GOVERNMENT AND POLITICAL ROUNDUP: Court trial to begin today on Wisconsin's voter ID law
A federal court trial begins today which could have an impact on Wisconsin's voter I-D law, and dozens of others around the country. The Milwaukee trial combines two federal civil rights lawsuits filed last year against the 2011 state law which requires voters to show acceptable photo I-D's to vote. Thirty states have considered bills this year to adopt or strengthen voter I-D requirements. The Wisconsin trial is expected to last two weeks. It was brought in part on behalf of 77-year-old Bettye Jones, a Brookfield woman who had a hard time voting because she did not have a driver's license -- and her birth in 1935 was never recorded in her home state of Tennessee. Jones, who died after the lawsuit was filed, waited for months while her daughter battled with Wisconsin officials to obtain an I-D to vote. Critics say it's just one example of how I-D laws disenfranchise voters. Wisconsin Republicans who passed the law said it was necessary to prevent voter fraud. The plaintiffs in the trial are the ACLU and the League of United Latin American Citizens.
Another crack-down on drunk driving will be considered tomorrow by the Wisconsin Assembly. The lower house will vote on three of several bills offered by Mequon Republican Jim Ott, and Senate Republican Alberta Darling, both from the Milwaukee area. One would require that all four-time O-W-I offenses be considered as felonies, regardless of how far back a third offense had occurred. Second offenses would be treated as misdemeanors, regardless of when the first ones took place. Right now, fourth offense that happen more than five years after a third O-W-I is considered a misdemeanor. Second offenses that happen at least 10 years after the first ones are considered non-criminal first offenses. A second up for a vote tomorrow would require everyone arrested for drunk driving to appear in court at least once. The third measure would speed up the process for installing ignition interlock devices on offenders' vehicles.
It might be awhile before Wisconsin lawmakers act on a bill to treat non-violent 17-year-old criminal defendants as juveniles instead of adults. The Assembly Corrections' Committee has endorsed the measure, but it's not on the calendar for the next full meeting of the lower house tomorrow. Speaker Robin Vos's office says it's still considering the measure, and it could be placed on January's agenda. Milwaukee Assembly Democrat Jon Richards, who's running for attorney general next year, says a cost factor on local government needs to be considered. Richards, who appeared on a W-K-O-W T-V program in Madison over the weekend, said officials need to be sure that more serious teen offenders actually carry out their sentences. The bill would still allow 17-year-old suspects in murders, sexual assaults, and similar major crimes to continue being tried in adult court.
A group of frac-sand miners says local governments are over-reacting against a proposed bill to let the state take over much of the companies' regulations. Rich Budinger of the Wisconsin Industrial Sand Association tells the Eau Claire Leader-Telegram his group is not asking for a decrease in government rules -- but it does want rules which are more consistent across the state. The bill would nullify a State Supreme Court ruling which gave local towns the ability to use their police powers to set things like hours of operation and blasting. Budinger says the state Safety and Professional Services agency already regulates blasting -- and towns still have lots of power through zoning and county reclamation permits. The bill's chief sponsor, Hazelhurst Republican Tom Tiffany, has said that frac-sand companies find it very hard to deal with a hodge-podge of local rules -- and many are more stringent than they need to be. The bill was on a fast-track in the Senate this month until Tiffany said he wanted to review concerns that have been raised. He now expects it to get a vote early next year. Assembly Speaker Robin Vos had already delayed consideration of the bill in his house until next spring, so all the possible effects can have time to be explored.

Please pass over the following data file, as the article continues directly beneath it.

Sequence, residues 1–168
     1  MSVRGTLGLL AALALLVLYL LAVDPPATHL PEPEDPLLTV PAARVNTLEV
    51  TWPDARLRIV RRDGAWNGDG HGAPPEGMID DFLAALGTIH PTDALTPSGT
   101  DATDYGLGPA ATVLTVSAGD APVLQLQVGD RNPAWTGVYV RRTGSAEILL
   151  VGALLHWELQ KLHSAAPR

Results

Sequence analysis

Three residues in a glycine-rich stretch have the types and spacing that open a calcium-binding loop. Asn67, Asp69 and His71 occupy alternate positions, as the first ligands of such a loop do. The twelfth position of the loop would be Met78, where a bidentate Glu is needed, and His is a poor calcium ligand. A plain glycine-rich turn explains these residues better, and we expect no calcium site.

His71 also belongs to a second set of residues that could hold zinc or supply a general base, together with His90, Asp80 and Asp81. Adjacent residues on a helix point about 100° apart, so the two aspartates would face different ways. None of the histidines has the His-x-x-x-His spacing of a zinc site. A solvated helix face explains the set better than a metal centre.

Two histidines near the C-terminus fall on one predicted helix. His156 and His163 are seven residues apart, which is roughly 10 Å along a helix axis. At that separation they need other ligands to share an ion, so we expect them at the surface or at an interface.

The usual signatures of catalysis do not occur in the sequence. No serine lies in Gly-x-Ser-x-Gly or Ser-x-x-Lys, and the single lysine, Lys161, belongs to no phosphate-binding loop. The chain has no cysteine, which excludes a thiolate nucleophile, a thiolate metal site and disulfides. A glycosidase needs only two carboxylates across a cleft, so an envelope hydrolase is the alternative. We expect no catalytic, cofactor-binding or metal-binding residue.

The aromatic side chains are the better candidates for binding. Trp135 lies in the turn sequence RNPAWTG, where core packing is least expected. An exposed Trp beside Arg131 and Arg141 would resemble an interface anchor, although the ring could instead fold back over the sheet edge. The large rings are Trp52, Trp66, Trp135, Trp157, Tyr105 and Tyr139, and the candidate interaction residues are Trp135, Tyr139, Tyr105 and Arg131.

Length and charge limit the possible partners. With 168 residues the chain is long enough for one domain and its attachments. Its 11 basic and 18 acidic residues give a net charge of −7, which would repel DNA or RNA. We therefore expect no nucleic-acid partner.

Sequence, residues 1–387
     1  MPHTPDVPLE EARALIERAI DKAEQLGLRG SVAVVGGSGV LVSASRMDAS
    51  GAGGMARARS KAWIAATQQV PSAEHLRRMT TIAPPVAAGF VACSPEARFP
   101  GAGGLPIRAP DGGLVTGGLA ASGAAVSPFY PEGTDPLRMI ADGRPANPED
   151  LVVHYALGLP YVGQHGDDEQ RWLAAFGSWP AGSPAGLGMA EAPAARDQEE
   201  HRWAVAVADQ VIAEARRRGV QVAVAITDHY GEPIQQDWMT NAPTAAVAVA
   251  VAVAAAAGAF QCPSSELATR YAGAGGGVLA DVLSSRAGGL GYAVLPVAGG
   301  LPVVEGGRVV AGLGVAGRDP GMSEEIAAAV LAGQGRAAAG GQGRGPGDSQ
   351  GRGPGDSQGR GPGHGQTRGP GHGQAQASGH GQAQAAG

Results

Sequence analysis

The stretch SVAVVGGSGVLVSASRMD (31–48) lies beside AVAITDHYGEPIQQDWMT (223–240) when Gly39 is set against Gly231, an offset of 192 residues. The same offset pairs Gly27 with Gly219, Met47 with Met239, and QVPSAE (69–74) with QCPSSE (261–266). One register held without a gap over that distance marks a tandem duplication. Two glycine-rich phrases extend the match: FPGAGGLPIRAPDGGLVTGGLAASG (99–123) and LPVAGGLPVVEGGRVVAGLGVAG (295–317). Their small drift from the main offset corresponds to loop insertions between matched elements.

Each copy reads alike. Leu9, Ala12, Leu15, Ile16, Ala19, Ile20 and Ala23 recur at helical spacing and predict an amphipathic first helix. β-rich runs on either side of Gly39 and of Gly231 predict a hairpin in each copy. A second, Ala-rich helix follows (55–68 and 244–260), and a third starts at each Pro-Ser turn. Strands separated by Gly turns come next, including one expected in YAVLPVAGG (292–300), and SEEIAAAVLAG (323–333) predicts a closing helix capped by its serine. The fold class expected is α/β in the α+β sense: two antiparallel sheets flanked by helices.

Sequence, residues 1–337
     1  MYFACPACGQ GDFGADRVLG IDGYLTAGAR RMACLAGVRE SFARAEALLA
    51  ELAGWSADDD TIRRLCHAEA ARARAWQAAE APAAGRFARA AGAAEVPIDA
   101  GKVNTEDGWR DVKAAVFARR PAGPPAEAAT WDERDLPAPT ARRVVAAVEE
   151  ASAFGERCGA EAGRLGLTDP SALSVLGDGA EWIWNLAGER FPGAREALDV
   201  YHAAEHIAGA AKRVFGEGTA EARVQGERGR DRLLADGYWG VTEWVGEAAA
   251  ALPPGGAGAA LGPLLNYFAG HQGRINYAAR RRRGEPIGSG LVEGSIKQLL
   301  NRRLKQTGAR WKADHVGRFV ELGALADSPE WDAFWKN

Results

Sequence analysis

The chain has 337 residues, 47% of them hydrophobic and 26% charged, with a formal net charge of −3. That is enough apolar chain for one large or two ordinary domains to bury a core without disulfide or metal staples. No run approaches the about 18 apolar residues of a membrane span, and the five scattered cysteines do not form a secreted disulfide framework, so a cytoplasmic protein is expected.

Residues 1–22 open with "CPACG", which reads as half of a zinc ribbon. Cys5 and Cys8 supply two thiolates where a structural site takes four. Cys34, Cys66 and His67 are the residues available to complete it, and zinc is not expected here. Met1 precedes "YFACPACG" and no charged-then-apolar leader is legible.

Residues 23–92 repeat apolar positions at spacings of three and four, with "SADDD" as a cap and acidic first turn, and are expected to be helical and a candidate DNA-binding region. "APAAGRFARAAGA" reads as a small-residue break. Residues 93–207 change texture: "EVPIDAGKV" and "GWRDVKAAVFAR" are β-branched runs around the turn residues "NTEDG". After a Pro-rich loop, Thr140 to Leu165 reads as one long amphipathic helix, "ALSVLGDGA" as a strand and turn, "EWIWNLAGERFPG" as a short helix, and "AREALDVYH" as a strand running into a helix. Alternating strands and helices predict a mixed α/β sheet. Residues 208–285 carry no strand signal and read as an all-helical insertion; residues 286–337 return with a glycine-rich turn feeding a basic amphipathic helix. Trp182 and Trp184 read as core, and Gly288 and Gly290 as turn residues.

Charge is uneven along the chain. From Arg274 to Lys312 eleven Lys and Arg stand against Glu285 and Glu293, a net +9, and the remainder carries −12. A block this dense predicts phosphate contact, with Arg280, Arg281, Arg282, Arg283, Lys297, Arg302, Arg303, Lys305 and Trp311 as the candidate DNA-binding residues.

A town board in central Wisconsin is scheduled tonight to consider naming a temporary town clerk. That's after the elected clerk was arrested last week for alleged embezzlement. The Adams County sheriff said it might be awhile before Rome Town Clerk Deena Griffin can face charges his department is seeking -- theft, forgery, and misconduct in public office. The Wisconsin Rapids Daily Tribune dug up court records showing that Griffin had altered a 610-dollar personal utility bill, marked it to make look like the town police force approved the payment, and then issued a town check that she reportedly cashed. Records showed that the town board found the discrepancy and sought an investigation. This evening, the board says it will consider candidates for what it calls a quote, "temporary town clerk, based on the temporary unavailability of the elected clerk." Griffin, the elected clerk, cannot legally be removed from office except by a judge or by the voters in a recall election.